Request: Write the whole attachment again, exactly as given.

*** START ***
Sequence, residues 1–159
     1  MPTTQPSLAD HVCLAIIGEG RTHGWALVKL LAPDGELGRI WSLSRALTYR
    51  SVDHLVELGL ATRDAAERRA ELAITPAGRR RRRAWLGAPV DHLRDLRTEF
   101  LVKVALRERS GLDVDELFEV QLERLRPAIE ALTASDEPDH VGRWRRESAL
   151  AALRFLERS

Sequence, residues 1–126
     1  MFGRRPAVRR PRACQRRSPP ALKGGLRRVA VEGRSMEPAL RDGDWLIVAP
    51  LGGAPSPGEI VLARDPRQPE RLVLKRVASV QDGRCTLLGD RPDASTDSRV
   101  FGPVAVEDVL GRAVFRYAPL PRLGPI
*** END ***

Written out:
Sequence, residues 1–159
     1  MPTTQPSLAD HVCLAIIGEG RTHGWALVKL LAPDGELGRI WSLSRALTYR
    51  SVDHLVELGL ATRDAAERRA ELAITPAGRR RRRAWLGAPV DHLRDLRTEF
   101  LVKVALRERS GLDVDELFEV QLERLRPAIE ALTASDEPDH VGRWRRESAL
   151  AALRFLERS

Sequence, residues 1–126
     1  MFGRRPAVRR PRACQRRSPP ALKGGLRRVA VEGRSMEPAL RDGDWLIVAP
    51  LGGAPSPGEI VLARDPRQPE RLVLKRVASV QDGRCTLLGD RPDASTDSRV
   101  FGPVAVEDVL GRAVFRYAPL PRLGPI